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Tournament News Powered By Lake Drive Marine

MDNR Report

Lake Erie is one of the most popular fisheries in our state as it accounted, in 2021, for 14% of the total Great Lakes angling effort, 31% of the catch, a catch rate three times the other Great Lakes waters combined, and an angling intensity more than 54% that of the other Great Lakes waters in our state.

Fisheries surveys and other companion surveys are critical to maintaining this fishery, which Michigan shares with New York, Ohio and Pennsylvania and the Canadian Province of Ontario.

The DNR does two surveys using the R/V Channel Cat to obtain information from Lake Erie’s complex fisheries community:

  • The first is a bottom trawl survey that examines the number of young-of-year walleye and yellow perch in Michigan waters of Lake Erie, contributing to interagency knowledge about reproduction for these two species. This survey, in its ninth year, also documents the relative abundance of forage fish species that live near the bottom.
  • The second survey is a gillnet survey that samples the abundance and age structure of yearling and older walleye in Michigan waters. These data drive the population models that are used to determine the total allowable catch and daily bag limits for walleye in this valuable water. This survey was conducted in October at four locations with two index stations (Stony Point and Luna Pier) that have been sampled every year for 45 years.

Walleye populations remain near the all-time high, with trawling indicating that recruitment continues to be very strong. The age-0 walleye catch rate in the bottom trawl (14 fish caught per 10-minute trawl tow) was comparable to the past two years, coming in above the nine-year average of 11 fish per 10-minute trawl tow. Walleye reproduction during the past seven years has been strong, with multiple large year classes beginning in 2015.

Z-Man Report

Z-Man walleye pro Dylan Nussbaum

A self-confessed “bass angler for walleyes,” young Z-Man walleye pro Dylan Nussbaum has helped popularize an exciting, interactive approach to his favorite species. “For me, it’s all about solving the mysteries of finding and catching walleyes,” contends the Pennsylvania based tournament champ. “Every day is a different challenge, and that, to me, is a lot of fun.”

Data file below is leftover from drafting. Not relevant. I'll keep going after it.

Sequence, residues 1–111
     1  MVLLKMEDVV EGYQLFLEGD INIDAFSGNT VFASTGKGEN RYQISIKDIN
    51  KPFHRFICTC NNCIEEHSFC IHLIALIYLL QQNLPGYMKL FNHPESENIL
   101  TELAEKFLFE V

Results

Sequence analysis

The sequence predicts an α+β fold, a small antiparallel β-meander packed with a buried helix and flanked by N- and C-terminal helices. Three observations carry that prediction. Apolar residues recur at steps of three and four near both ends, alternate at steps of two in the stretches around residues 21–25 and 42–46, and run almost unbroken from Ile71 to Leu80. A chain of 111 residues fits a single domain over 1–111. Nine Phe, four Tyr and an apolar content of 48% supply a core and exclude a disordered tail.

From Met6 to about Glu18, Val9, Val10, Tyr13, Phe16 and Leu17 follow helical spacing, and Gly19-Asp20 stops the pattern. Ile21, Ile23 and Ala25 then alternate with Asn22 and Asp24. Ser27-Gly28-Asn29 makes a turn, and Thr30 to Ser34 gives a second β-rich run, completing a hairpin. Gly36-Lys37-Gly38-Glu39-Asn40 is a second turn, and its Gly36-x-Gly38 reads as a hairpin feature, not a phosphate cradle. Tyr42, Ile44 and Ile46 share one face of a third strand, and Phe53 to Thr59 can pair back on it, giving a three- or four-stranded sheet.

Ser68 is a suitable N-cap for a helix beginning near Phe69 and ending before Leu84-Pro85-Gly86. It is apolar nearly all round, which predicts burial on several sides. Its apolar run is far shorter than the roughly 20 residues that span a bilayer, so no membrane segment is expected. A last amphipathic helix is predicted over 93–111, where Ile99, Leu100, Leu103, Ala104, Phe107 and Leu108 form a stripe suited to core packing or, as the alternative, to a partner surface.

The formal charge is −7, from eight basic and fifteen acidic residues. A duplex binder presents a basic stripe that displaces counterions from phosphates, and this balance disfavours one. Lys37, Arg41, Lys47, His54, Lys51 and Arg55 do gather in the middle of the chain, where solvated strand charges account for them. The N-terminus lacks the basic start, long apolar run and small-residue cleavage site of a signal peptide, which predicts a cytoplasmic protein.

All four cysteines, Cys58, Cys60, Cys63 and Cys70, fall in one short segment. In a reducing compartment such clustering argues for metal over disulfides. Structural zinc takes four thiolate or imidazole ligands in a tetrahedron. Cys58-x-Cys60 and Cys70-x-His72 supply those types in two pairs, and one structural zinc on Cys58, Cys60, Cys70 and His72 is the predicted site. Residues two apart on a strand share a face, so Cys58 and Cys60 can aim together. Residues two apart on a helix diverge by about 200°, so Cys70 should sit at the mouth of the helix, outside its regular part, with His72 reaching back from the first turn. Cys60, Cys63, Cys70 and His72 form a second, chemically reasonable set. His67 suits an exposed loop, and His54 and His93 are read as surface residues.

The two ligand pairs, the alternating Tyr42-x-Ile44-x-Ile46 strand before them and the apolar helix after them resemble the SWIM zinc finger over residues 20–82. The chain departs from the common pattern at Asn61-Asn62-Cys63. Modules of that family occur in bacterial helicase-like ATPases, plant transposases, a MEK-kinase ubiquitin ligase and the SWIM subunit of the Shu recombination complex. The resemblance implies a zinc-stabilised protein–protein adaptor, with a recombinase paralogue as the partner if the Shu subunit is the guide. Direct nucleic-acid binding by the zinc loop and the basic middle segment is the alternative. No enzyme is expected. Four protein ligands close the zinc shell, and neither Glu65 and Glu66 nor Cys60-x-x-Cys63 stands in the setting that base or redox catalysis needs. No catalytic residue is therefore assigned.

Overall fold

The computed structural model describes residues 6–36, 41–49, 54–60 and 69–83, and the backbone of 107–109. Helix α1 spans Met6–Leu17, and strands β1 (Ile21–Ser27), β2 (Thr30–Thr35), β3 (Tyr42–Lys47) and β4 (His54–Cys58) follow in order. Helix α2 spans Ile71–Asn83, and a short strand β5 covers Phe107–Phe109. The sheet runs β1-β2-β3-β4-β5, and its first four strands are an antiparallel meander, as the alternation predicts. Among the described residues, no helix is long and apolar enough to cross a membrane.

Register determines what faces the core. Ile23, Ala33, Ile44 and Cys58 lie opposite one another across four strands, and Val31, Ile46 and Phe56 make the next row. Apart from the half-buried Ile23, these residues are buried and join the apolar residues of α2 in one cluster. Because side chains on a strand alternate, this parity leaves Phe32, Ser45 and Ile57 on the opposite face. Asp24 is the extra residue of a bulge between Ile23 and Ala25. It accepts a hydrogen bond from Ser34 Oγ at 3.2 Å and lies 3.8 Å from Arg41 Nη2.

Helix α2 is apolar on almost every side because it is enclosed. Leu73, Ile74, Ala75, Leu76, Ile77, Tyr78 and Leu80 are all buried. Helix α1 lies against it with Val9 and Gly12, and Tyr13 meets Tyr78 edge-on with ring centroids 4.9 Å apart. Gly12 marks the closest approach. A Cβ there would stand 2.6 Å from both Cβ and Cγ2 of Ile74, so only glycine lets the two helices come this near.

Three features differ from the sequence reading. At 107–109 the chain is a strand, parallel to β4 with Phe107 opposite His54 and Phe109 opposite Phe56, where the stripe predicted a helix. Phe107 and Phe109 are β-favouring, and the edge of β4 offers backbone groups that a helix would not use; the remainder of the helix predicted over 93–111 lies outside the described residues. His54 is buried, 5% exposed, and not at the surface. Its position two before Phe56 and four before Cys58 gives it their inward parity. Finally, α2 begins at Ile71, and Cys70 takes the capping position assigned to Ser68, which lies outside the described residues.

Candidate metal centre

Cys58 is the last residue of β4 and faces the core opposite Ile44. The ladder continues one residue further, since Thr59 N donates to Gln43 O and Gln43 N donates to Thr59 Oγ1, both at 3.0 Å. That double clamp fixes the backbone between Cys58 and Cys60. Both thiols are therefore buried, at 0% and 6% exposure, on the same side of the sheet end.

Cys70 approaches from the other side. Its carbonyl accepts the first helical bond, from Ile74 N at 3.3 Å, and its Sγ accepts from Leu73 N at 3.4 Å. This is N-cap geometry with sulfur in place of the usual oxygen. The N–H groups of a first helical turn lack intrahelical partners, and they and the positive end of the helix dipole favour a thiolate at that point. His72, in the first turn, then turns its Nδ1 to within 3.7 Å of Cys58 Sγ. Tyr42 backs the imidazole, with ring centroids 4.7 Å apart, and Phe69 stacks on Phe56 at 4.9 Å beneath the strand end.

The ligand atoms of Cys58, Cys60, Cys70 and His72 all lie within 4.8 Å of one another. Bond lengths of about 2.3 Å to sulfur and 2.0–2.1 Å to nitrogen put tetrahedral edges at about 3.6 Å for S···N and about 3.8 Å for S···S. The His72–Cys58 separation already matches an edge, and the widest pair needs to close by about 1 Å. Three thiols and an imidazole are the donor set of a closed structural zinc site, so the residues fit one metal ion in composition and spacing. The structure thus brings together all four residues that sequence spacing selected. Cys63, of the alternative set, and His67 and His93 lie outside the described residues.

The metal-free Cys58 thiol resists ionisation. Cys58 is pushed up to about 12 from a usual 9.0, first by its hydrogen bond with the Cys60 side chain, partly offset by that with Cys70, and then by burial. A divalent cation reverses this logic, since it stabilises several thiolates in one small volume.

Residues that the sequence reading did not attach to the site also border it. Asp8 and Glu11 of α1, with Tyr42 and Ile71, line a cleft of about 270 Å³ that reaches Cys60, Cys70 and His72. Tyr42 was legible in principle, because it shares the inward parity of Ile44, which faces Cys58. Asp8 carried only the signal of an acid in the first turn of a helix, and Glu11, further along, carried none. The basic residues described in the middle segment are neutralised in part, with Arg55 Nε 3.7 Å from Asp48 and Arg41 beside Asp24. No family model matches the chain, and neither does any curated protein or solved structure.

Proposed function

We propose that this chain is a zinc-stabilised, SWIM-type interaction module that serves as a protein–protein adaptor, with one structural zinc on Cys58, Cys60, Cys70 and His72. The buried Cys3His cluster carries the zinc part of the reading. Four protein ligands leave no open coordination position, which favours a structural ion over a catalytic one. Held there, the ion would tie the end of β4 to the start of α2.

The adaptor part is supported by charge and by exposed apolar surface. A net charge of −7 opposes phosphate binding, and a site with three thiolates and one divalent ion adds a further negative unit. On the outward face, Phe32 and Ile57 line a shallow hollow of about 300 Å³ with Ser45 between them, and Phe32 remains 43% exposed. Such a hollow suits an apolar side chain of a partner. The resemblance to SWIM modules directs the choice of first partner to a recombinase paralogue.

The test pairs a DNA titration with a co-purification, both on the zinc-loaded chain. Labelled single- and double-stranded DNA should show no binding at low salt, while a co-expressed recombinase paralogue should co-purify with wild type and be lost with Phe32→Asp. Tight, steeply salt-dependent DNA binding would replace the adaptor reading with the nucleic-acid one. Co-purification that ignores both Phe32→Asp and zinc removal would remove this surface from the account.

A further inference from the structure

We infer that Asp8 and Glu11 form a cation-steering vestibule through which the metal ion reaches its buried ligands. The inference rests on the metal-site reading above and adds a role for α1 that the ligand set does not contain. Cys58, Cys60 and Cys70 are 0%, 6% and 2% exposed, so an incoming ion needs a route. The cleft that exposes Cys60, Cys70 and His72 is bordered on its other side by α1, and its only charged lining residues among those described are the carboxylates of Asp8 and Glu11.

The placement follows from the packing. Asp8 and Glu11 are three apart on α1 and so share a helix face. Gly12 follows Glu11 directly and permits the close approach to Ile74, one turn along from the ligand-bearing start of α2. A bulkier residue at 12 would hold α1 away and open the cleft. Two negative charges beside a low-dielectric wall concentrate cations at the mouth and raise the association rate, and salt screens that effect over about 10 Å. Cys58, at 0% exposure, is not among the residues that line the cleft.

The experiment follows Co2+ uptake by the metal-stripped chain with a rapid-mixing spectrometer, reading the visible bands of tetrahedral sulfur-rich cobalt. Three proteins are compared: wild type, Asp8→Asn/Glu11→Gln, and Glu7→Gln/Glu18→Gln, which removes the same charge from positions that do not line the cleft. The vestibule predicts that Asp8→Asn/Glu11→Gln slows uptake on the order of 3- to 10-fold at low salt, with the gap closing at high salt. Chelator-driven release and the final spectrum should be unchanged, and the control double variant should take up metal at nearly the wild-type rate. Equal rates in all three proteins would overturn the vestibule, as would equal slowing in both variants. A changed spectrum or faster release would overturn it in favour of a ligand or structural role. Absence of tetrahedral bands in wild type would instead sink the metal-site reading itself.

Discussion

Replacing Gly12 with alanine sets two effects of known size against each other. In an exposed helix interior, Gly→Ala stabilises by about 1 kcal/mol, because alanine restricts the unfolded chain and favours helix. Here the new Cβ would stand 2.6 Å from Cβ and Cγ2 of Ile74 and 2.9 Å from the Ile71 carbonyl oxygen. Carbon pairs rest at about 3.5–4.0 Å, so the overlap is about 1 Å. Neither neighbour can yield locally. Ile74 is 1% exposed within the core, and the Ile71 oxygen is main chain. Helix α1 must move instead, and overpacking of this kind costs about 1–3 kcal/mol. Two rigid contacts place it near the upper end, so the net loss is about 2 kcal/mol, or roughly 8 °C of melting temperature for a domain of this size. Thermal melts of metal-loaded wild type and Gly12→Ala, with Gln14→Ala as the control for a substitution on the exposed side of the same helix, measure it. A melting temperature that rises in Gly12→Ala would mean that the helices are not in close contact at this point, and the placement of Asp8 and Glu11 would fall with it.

Nussbaum recently reflected on fishing strategy with forward-facing sonar (FFS). Recognized for his talents at actively casting artificial lures and soft plastics from the bow of his boat, Nussbaum offers compelling perspectives on what has become the biggest trend in freshwater fishing today . . . sonar “sight fishing.”

Z-Man: When did you first start using forward facing sonar (FFS) for your walleye fishing?

Dylan: I got my first unit—a Lowrance Active Target—about two years ago. If I’m up casting from the front deck of my boat, I’m using FFS one hundred percent of the time. The more I use it, the more I learn about fish and their real-world response to my lure. It’s pretty addictive. (laughs).

Z-Man: Tell us about your on-water learning curve with FFS.
Dylan: For me, it didn’t take long—maybe two or three outings—before I started figuring things out relative to fish species ID and seeing my lure on screen. These units are pretty intuitive and easy to use, especially once you see what a walleye looks like on screen and then confirm its size once the fish is in the boat. A walleye or a bass tends to paint a pretty solid image. But a carp or a muskie, for example, can look a little grainy on the screen. Walleyes generally (though not always) move within a foot or two of bottom. They typically move and react to your lure just a little slower than a bass, for example.

MDNR Report

Walleye Electro-fishing

Beginning in late September through early October, anglers throughout the state are asked to be on the lookout for Michigan DNR personnel conducting walleye recruitment surveys – a tool that helps fisheries managers determine how many walleye either were produced naturally or survived stocking in 2022 (commonly referred to as a given year’s “young-of-year” fish).

Using electrofishing boats, crews will survey the shallow areas near the shoreline of lakes at night with the goal of capturing young-of-year walleye. On larger lakes, two or more electrofishing crews using separate boats may operate at the same time to cover more area.

The crews will work both on lakes that have been stocked with walleye and lakes that have not.

“Conducting surveys on both stocked and unstocked lakes can affect decisions about future walleye research and stocking efforts and give valuable insight into the status of the younger walleye in the system," said Emily Martin, DNR Fisheries Division biologist.